By: Kathleen A. Hogan, MD
Your hip is hurting. Walking, sleeping, everything seems to cause your hip to hurt. The pain must be coming from your hip joint, correct? Perhaps. Sometimes it can be surprisingly difficult to determine what joint is the primary source of pain. Hip arthritis can cause back, hip, and knee pain. Arthritis of the spine can cause back, hip, and leg pain. If X-rays show arthritis in multiple areas, how can your physician determine the primary source of pain?
The first step is to pay attention to your symptoms so that you can describe them accurately to your doctor. When do you hurt? All the time or just when you are walking? Where do you feel pain? Is it down the leg, in the groin, or on the outside of the hip? Do you have numbness or pins and needles in your legs? Is the pain better when you walk with a shopping cart in the grocery store? Does the pain start after you walk a specific distance? These are some questions that your doctor may ask to help to determine where your pain is originating from.
Causes of Hip Pain
What are some causes of hip pain? Pain from hip arthritis is typically located in the groin and may radiate down to the knee. Some patients have limited motion of the hips with difficulty putting on shoes and socks, and pain that is predominately in the back or in the knee. Bursitis around the hip can cause pain on the outside of the hip. It can be very painful to sleep on ones side. Sometimes the hip may feel like it is going to give out. Disc herniations in the back can cause pain that radiates down the leg. Depending on the location of the disc herniation, the pain may go into the groin. Spinal stenosis is caused by the narrowing of the space for the nerves in the back due to arthritic changes. This can cause pain that radiates down both legs. Pain from spinal stenosis is often improved when you lean forward (on a shopping cart, for example). Back and hip pain can often be caused by muscle weakness or tightness as well.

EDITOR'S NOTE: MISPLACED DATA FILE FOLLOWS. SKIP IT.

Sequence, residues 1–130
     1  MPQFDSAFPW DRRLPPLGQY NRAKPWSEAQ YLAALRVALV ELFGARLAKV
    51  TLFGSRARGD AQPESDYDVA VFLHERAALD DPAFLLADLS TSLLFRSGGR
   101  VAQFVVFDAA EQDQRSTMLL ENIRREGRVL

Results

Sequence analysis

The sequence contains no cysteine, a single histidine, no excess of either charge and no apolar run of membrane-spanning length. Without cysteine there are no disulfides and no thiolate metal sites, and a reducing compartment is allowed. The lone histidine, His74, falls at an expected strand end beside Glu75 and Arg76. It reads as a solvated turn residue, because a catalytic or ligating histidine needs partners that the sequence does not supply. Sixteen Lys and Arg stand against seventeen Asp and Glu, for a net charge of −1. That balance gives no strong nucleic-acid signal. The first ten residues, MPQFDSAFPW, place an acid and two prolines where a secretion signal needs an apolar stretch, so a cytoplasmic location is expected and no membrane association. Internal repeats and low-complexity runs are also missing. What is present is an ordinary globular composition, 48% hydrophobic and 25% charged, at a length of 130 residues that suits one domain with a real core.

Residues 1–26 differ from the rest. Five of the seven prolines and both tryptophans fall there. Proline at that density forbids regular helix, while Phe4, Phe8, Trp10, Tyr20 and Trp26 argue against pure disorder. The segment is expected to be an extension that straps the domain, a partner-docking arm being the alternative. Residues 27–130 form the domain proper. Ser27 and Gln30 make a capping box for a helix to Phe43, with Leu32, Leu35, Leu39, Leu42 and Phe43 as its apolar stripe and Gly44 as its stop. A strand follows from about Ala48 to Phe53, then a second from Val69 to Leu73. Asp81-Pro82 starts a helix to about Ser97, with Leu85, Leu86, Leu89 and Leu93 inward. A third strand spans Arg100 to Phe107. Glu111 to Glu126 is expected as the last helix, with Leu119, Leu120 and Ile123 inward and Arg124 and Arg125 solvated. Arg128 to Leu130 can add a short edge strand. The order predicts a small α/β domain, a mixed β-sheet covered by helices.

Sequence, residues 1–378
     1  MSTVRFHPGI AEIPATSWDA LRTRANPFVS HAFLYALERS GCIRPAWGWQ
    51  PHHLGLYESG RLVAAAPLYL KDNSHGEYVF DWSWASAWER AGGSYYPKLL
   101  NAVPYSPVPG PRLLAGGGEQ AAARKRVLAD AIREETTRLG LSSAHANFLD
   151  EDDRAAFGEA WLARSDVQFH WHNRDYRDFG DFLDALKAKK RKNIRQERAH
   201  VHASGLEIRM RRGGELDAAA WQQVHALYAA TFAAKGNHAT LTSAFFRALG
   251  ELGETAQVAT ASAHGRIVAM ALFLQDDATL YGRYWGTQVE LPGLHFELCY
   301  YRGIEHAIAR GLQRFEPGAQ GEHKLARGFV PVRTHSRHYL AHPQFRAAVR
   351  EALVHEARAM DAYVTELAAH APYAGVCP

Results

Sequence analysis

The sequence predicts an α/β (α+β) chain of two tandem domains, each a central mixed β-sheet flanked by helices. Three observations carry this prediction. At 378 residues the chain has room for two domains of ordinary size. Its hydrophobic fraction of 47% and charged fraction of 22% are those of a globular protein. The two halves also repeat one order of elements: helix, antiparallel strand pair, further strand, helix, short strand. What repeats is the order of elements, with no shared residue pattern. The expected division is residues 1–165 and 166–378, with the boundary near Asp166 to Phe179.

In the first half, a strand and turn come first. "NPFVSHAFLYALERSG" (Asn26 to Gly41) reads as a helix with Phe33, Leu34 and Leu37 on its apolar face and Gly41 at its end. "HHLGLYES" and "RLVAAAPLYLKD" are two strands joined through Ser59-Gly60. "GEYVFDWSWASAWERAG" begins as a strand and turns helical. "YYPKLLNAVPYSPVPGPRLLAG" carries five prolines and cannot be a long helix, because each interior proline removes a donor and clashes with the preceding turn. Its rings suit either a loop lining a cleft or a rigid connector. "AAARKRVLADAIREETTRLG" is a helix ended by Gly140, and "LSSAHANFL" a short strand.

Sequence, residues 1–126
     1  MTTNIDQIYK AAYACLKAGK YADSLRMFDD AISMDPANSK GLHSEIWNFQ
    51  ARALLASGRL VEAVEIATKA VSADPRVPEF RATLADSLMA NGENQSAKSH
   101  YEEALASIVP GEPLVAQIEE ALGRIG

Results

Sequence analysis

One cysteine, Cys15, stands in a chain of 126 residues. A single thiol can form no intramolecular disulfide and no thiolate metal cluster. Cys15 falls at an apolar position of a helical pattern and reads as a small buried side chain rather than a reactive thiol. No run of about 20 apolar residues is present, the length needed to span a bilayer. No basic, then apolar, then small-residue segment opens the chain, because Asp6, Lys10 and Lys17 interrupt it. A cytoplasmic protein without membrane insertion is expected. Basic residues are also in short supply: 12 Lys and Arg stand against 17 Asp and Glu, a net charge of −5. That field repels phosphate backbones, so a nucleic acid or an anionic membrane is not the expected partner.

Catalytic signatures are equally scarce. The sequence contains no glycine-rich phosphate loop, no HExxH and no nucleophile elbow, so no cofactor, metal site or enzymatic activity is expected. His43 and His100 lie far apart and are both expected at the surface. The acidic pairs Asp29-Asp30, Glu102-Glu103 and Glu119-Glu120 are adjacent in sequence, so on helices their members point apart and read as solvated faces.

Diagnosing Hip Pain
In order to help determine the cause of your pain, your doctor may choose to order X-rays of your hip and/or back. X-rays are very good at showing bony abnormalities and for the diagnosis of arthritis. Sometimes an MRI can also give helpful information. MRI’s will show disc herniations, tendon injuries, and bony abnormalities such as avascular necrosis. However, an abnormal finding on an X-ray or MRI may or may not be the source of your pain. Cortisone injections can provide pain relief and also help determine if the abnormalities on the imaging studies are causing your pain. Physical therapy is often helpful if muscle imbalance or weakness is contributing to the pain. Not all pain is arthritis and not all patients with arthritis require surgery. If you are having hip pain that keeps you from doing things you enjoy, talk to your doctor and get evaluated to find out where the pain is really coming from and what can be done to get you back to doing the activities you enjoy.